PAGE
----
And there may be a special bonus quest at some point, once 3D printing is commonplace and I am rich enough to get certain … speciality figurines made.
You have been warned.

About Hatboy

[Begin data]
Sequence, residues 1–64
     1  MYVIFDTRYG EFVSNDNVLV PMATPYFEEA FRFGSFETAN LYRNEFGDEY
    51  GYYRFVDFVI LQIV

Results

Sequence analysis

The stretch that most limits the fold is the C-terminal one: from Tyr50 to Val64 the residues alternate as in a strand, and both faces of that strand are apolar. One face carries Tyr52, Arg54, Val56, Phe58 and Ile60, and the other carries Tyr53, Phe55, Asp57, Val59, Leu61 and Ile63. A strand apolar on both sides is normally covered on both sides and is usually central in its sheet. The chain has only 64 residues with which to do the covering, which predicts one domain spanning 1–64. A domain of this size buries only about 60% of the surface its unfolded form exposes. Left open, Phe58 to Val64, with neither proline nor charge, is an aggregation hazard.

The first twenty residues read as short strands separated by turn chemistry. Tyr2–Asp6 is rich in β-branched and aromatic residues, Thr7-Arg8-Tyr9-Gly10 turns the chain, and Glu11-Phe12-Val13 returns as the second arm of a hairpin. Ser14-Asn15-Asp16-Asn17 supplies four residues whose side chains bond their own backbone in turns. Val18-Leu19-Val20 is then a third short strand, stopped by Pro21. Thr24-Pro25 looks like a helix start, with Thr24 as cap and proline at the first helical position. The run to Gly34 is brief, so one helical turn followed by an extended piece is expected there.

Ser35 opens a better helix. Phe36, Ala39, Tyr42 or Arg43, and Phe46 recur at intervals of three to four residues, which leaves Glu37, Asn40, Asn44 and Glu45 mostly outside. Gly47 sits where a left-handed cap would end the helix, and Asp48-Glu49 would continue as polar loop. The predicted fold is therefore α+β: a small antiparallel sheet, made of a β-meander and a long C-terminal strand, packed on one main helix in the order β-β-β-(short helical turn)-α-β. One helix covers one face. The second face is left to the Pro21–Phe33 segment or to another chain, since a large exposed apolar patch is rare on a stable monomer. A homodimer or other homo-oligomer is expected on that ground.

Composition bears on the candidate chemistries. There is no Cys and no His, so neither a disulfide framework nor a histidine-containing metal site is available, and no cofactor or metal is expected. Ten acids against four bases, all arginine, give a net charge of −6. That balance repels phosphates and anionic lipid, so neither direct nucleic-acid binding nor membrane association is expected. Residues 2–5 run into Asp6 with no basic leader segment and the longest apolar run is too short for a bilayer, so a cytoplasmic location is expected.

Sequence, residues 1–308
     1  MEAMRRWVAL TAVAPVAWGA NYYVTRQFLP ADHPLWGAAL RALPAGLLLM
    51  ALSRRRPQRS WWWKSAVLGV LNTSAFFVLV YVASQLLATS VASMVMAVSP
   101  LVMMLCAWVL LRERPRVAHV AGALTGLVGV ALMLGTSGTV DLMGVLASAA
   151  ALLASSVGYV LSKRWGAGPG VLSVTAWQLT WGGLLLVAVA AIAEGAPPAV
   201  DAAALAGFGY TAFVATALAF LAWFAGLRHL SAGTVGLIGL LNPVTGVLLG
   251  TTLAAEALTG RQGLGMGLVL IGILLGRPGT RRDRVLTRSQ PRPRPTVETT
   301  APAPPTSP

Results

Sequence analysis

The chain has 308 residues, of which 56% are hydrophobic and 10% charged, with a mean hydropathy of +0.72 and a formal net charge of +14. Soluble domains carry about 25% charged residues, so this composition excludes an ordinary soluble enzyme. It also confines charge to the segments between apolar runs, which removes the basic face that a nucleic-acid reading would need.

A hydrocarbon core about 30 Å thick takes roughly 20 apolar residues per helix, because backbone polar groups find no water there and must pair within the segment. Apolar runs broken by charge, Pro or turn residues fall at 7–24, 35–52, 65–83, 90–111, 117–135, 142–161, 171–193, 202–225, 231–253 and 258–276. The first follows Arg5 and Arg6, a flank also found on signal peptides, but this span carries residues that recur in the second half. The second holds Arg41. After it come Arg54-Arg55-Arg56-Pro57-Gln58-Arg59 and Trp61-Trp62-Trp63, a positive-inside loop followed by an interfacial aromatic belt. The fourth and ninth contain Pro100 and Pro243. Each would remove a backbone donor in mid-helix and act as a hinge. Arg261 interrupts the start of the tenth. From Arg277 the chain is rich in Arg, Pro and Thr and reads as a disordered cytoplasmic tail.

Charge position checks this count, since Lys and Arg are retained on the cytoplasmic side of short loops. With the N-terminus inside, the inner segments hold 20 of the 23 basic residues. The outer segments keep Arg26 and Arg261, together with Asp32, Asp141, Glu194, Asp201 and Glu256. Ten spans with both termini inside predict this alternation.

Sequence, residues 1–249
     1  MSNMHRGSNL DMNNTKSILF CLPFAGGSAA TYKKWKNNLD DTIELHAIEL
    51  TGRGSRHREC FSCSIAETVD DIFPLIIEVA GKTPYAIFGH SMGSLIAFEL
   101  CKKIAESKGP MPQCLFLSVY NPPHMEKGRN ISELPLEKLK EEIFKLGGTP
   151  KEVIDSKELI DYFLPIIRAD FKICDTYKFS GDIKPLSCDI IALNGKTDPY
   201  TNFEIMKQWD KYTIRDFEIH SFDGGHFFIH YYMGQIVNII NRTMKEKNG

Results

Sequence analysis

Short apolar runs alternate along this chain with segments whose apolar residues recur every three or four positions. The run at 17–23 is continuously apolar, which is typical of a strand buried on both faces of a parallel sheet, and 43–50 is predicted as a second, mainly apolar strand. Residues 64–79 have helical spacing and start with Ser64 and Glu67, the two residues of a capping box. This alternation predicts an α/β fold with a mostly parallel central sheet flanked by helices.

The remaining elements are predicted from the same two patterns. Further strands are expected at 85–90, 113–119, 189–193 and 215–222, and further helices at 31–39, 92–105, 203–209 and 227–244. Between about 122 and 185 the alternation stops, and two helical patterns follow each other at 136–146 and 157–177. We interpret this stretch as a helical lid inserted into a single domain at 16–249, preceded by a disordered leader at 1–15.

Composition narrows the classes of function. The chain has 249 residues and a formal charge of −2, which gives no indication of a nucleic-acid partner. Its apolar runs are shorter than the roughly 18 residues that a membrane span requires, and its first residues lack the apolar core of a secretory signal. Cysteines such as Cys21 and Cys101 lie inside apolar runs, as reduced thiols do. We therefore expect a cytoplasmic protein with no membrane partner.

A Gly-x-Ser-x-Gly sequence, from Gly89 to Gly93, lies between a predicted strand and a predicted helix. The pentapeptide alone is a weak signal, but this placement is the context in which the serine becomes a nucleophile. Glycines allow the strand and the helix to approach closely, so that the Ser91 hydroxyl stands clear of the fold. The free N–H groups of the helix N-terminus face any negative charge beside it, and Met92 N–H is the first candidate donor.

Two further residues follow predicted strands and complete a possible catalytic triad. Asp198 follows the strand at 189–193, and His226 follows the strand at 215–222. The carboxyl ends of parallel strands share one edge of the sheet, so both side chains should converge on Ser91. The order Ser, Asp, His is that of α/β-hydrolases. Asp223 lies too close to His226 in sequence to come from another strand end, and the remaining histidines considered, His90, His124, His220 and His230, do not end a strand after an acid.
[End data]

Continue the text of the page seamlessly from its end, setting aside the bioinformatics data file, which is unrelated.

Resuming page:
I’m not often driven to introspection or reflection, but the question does come up sometimes. The big question. So big, there’s just no containing it within the puny boundaries of a single set of punctuationary bookends. Who are these mysterious and unsung heroes of obscurity and shadow? What is their origin story? Do they have a prequel trilogy? What are their secret identities? What are their public identities, for that matter? What are their powers? Their abilities? Their haunted pasts and troubled futures? Their modus operandi? Where do they live anyway, and when? What do they do for a living? Do they really have these fantastical adventures, or is it a dazzlingly intellectual and overwrought metaphor? Or is it perhaps a smug and post-modern sort of metaphor? Is it a plain stupid metaphor, hedged around with thick wads of plausible deniability, a soap bubble of illusory plot dependent upon readers who don’t dare question it for fear of looking foolish? A flight of fancy, having dozed off in front of the television during an episode of something suitably spaceship-oriented? Do they have a quest, a handler, a mission statement, a department-level development objective in five stages? I am Hatboy. https://hatboy.blog/2013/12/17/metalude-who-are-creepy-and-hatboy/